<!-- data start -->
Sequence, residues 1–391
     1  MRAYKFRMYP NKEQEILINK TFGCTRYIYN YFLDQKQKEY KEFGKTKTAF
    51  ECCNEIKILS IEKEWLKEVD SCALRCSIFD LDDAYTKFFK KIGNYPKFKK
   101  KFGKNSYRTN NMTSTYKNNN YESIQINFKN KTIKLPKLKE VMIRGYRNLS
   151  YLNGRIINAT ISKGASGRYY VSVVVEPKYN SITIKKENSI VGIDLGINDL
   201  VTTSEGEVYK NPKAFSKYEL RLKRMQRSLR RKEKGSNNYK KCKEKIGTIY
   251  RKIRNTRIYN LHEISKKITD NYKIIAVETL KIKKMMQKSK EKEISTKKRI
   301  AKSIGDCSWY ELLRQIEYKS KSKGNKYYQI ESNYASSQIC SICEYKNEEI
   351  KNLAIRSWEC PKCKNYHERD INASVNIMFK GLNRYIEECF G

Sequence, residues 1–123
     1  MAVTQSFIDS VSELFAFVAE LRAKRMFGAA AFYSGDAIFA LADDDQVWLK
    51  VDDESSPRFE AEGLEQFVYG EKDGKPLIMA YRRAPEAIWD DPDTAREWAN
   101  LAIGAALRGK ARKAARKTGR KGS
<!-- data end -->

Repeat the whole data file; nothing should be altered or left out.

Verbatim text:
Sequence, residues 1–391
     1  MRAYKFRMYP NKEQEILINK TFGCTRYIYN YFLDQKQKEY KEFGKTKTAF
    51  ECCNEIKILS IEKEWLKEVD SCALRCSIFD LDDAYTKFFK KIGNYPKFKK
   101  KFGKNSYRTN NMTSTYKNNN YESIQINFKN KTIKLPKLKE VMIRGYRNLS
   151  YLNGRIINAT ISKGASGRYY VSVVVEPKYN SITIKKENSI VGIDLGINDL
   201  VTTSEGEVYK NPKAFSKYEL RLKRMQRSLR RKEKGSNNYK KCKEKIGTIY
   251  RKIRNTRIYN LHEISKKITD NYKIIAVETL KIKKMMQKSK EKEISTKKRI
   301  AKSIGDCSWY ELLRQIEYKS KSKGNKYYQI ESNYASSQIC SICEYKNEEI
   351  KNLAIRSWEC PKCKNYHERD INASVNIMFK GLNRYIEECF G

Sequence, residues 1–123
     1  MAVTQSFIDS VSELFAFVAE LRAKRMFGAA AFYSGDAIFA LADDDQVWLK
    51  VDDESSPRFE AEGLEQFVYG EKDGKPLIMA YRRAPEAIWD DPDTAREWAN
   101  LAIGAALRGK ARKAARKTGR KGS